Robinhood to Release Crypto Wallet: What It Could Mean for Crypto
binhood announced that they will launch a cryptocurrency wallet. What will this mean for the crypto market?
Robinhood announced on Sunday, 2 January, that they will launch a beta version of their highly anticipated cryptocurrency wallet, which is built into their trading app. The company first announced the start of their crypto wallet project in September 2021.
This will allow US-based users to buy and sell cryptocurrencies as they would stocks, options, and futures on the retail brokerage app.
About 1.6 million people have signed up for its crypto wallet, which is undergoing continuous testing. This signifies an extreme interest among retail traders to leverage the app to trade more risky and volatile assets.
The trading platform noted that testing is still required to understand the users’ needs better. “While some say 2021 is the year that crypto went mainstream, the truth is that most people are still familiarizing themselves with the asset class and how to navigate the blockchain,” the company noted.
What is Robinhood?
Robinhood is a retail brokerage based in Menlo Park, California, that provides access to stock, options, exchange-traded funds (ETFs), and more recently cryptocurrencies.
Unlike exchanges such as Coinbase and Binance, Robinhood has been offering direct access to digital currencies, to be stored in users’ own private wallets. The brokerage currently only accepts applicants from the United States.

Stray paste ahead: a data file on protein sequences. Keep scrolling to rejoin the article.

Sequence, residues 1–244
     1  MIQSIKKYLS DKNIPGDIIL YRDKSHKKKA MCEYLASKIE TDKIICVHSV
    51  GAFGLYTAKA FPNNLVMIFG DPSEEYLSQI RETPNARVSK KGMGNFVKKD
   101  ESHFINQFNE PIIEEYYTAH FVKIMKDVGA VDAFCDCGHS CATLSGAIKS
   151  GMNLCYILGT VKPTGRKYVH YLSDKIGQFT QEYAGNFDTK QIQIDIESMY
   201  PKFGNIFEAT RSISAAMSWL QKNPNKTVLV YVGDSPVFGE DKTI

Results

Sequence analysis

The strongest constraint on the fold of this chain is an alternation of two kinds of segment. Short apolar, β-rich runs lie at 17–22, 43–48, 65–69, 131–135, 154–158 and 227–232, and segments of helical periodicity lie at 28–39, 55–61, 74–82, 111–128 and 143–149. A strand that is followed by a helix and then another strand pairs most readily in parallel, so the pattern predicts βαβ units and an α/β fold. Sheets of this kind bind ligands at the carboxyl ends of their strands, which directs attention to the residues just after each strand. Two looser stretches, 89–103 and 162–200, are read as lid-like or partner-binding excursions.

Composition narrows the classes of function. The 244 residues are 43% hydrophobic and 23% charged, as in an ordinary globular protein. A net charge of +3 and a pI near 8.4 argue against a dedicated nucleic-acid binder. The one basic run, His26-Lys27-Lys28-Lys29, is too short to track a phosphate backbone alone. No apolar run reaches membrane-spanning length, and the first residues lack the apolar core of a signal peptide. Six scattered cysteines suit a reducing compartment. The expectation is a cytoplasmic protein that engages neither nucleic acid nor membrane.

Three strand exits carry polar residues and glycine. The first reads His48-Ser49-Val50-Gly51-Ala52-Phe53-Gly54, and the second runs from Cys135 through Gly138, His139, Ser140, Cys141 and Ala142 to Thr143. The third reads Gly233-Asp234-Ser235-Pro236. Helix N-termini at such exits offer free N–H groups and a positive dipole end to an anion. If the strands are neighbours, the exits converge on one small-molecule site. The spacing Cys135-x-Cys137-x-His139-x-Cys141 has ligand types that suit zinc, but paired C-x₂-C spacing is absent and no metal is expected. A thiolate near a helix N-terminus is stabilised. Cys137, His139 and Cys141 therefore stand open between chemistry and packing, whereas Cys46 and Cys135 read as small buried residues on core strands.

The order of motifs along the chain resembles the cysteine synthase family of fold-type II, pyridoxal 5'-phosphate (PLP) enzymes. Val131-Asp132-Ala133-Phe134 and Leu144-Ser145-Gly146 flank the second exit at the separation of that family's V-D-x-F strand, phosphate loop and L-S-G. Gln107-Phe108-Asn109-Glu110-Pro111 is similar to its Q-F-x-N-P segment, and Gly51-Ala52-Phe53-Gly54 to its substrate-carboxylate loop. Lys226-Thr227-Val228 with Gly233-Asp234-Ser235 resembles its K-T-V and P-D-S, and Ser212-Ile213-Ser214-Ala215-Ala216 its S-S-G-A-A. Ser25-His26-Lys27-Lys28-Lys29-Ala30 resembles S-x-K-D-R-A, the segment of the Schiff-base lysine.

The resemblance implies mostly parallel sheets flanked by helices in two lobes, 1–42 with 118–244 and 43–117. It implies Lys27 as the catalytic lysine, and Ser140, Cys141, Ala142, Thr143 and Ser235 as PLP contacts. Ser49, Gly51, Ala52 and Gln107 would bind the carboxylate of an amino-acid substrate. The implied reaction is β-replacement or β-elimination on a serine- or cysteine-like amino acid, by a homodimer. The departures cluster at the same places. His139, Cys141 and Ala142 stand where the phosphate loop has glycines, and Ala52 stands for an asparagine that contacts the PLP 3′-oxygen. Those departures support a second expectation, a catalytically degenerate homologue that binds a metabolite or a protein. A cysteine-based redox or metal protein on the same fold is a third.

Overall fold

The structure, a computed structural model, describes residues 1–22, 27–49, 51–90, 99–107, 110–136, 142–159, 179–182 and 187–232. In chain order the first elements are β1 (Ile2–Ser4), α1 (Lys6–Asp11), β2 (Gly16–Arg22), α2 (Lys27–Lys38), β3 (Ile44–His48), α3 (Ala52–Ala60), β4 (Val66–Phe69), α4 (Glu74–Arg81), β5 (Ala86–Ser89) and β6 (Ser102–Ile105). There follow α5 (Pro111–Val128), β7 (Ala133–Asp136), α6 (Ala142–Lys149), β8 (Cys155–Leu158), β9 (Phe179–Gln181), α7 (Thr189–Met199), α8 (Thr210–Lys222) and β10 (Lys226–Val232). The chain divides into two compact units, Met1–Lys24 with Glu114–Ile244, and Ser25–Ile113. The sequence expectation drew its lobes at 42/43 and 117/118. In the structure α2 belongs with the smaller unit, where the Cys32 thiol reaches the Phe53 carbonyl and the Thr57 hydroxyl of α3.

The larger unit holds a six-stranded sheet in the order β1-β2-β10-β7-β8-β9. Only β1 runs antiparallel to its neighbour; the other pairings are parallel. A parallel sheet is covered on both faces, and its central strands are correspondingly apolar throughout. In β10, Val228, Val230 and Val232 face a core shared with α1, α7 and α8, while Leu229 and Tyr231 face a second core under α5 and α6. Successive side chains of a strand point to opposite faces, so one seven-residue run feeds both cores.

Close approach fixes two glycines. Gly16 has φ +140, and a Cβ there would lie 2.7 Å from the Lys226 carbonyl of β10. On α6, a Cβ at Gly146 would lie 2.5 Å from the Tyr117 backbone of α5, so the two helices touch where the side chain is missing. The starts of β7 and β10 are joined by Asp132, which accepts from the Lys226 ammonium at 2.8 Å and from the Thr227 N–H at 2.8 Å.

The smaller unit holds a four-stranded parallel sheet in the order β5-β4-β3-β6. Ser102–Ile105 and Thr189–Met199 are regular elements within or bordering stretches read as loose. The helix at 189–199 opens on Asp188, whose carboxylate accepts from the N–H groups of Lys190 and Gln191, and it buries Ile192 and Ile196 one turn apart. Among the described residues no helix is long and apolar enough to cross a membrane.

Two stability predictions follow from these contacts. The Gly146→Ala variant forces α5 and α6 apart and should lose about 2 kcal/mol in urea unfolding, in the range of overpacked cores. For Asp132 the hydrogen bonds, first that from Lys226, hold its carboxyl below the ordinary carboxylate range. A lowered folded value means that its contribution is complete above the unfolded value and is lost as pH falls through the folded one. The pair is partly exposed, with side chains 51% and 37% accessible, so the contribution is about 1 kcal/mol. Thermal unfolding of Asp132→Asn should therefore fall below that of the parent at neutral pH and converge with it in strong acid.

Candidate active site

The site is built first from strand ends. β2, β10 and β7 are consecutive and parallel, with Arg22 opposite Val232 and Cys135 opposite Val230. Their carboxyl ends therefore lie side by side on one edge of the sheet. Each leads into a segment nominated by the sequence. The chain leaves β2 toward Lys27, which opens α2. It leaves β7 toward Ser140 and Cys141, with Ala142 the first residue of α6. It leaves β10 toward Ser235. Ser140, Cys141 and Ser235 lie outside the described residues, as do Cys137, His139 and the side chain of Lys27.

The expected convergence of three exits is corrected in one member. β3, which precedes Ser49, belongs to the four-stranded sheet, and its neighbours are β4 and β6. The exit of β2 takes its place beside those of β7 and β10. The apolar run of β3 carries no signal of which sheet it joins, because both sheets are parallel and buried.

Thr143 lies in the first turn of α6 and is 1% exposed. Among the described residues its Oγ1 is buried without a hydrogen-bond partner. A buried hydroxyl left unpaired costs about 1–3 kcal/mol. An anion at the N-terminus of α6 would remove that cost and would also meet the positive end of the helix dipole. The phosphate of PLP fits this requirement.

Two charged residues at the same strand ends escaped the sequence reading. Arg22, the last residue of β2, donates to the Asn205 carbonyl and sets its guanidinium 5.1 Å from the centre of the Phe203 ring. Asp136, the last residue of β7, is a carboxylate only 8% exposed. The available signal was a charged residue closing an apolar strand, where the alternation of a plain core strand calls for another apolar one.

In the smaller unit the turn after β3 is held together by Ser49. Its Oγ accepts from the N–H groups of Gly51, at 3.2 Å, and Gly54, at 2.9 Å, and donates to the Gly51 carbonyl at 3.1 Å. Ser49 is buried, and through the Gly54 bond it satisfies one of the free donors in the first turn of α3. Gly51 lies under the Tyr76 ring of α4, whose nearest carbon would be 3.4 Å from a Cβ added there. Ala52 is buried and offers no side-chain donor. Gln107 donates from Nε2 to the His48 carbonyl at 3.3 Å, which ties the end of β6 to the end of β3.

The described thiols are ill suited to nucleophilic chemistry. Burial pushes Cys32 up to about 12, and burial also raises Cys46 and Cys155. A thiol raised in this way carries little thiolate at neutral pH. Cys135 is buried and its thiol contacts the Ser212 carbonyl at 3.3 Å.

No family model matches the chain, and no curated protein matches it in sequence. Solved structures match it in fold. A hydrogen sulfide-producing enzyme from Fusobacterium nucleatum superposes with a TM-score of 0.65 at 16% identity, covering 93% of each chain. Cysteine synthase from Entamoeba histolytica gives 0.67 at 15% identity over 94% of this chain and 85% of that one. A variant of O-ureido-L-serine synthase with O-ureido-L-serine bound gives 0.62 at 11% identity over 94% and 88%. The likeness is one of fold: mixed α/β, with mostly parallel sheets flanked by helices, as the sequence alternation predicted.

Robinhood made headlines in early 2021, which made Wall Street turn their heads onto the newcomer in the financial markets.
The GameStop drama
Robinhood traders have been responsible for “pumping” the price of GameStop shares up by more than 1500% in less than a month. Each share of the bankrupt brick-and-mortar game store was valued at $19 at the market open in January, and closed at $325. The mania had kicked its price up to a monthly high of $483.
Behind this market manipulation is a band of amateur traders on Reddit on the subforum WallStreetBets, whose purpose was “to punish short-sellers, and for the little guys to pummel Wall Street.”
Short-sellers are those who make a profit by borrowing and selling underperforming assets. Short-selling is not available on most retail trading platforms, but it is a daily operation for many high-capital fund managers.
We can discuss why retail traders feel that this mania is justified in another article. Suffice to say, though, Robinhood also suffered from the meme-fueled emotional trading.
The platform imposed a limit on buying the GameStop stock, and even completely banned it at one point. “In order to protect the firm and protect our customers we had to limit buying in these stocks,” Robinhood CEO Vlad Tenev told CNBC.
Of course, this made a lot of retail traders unhappy. One of the app users tweeted, “Individual investors are being stripped of their ability to trade on @RobinhoodApp. Meanwhile hedge funds and institutional investors can continue to trade as normal.”
The power of retail trading